For many of us, it can be a struggle to focus on ourselves. To put our needs first. To create the space necessary to rest, explore and dream when there seem to be so many other people and problems demanding our attention.
We tell ourselves we simply don’t have the time to put ourselves first. When it is usually more often the case that we’re choosing not to.
Because honoring ourselves may mean we’ll have to disappoint someone else. And for all of us caretakers, pleasers and perfectionists of the world– focusing on what other people want can sometimes feel safer than identifying our own needs. It’s often easier to abandon our own boat than it is to rock someone else’s.
The problem with banishing our own needs to the back burner, though, is that it can be very difficult to notice the exact point at which we begin taking our love and concern for others too far. How easy it can be to end up a martyr, when all we ever wanted to be was a helper. How often we may actually be twisting notions of our own “selflessness” into noble excuses for avoiding the tough conversations, hard work and spiritual lessons we’re supposed to be addressing. Often we don’t realize that our compulsive desire to tend to the needs of others is fueled, at least in part, by our desire to avoid, ignore and forget our own pain.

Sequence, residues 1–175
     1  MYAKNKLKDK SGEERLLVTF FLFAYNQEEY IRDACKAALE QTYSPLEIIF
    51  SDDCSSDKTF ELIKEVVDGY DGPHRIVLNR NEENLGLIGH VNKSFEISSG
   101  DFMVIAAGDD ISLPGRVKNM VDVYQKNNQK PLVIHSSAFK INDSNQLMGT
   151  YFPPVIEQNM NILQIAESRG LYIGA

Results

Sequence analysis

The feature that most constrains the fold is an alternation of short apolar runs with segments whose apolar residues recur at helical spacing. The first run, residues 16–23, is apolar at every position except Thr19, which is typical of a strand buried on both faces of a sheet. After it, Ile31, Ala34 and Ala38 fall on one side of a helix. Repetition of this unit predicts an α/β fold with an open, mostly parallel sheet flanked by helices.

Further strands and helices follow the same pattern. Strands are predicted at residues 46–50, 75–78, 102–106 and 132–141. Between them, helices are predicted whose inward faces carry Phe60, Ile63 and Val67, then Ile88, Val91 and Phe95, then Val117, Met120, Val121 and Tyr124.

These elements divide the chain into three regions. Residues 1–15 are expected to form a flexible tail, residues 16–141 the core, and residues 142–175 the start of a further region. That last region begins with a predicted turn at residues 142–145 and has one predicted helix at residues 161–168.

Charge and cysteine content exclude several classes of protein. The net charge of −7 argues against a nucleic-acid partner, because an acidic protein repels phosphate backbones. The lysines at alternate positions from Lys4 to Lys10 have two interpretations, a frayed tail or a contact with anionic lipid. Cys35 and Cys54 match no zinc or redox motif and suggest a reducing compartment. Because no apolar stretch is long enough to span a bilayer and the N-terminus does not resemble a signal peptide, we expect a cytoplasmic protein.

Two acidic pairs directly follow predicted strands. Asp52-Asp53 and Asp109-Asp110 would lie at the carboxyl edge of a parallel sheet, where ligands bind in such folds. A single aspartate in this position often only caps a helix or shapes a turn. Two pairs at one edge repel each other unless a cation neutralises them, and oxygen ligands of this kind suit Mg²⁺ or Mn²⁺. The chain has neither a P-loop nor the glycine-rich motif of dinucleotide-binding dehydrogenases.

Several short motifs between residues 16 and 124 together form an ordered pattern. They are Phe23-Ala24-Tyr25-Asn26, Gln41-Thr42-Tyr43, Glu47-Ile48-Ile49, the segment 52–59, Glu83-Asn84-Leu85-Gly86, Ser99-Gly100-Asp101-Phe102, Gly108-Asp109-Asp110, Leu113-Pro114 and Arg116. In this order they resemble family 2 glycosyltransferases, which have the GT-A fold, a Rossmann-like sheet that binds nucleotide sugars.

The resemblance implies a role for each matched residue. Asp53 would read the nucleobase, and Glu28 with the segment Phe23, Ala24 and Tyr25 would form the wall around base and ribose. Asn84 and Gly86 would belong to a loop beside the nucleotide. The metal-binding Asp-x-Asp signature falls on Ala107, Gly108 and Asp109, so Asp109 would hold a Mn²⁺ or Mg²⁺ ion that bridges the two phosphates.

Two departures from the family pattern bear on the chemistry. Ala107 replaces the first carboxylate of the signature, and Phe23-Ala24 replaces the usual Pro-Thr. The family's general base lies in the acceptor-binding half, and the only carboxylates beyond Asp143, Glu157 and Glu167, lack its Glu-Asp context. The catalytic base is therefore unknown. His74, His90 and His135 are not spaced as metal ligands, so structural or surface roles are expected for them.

Sometimes, it’s easier to go without than it is to look within.
The truth is, though, ignoring our broken places won’t actually make them disappear. Avoiding our needs only makes them stronger. More persistent. More capable of dealing the kind of fatal damage we fear most. No matter what we do or don’t do, the pain will continue to call. Our power to confront it, however, will always be directly proportional to our willingness to answer the door.
We have a saying in Spanish that describes this article: No se lo mandas a decir con nadie. Loosely translated, it means, you don’t ask someone else to say it for you. What I want to say is that wowza, what a straightforward, yet loving way, of saying the naked truth. I find myself doing it “professionally.” I can spend hours and hours editing, critiquing, reviewing, giving feedback on someone else’s work and justify it because it is a worthy cause. I have helped lots of authors get published. It gives me the greatest excuse ever not to do the hard work of finishing my own stuff. Thank you for reminding me of that today.